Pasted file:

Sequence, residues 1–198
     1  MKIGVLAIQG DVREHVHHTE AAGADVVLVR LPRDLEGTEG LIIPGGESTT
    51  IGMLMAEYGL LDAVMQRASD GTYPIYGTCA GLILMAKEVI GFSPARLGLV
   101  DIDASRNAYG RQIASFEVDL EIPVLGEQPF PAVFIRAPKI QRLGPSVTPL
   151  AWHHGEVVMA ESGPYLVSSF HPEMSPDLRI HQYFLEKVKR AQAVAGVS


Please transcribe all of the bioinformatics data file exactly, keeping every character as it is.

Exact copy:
Sequence, residues 1–198
     1  MKIGVLAIQG DVREHVHHTE AAGADVVLVR LPRDLEGTEG LIIPGGESTT
    51  IGMLMAEYGL LDAVMQRASD GTYPIYGTCA GLILMAKEVI GFSPARLGLV
   101  DIDASRNAYG RQIASFEVDL EIPVLGEQPF PAVFIRAPKI QRLGPSVTPL
   151  AWHHGEVVMA ESGPYLVSSF HPEMSPDLRI HQYFLEKVKR AQAVAGVS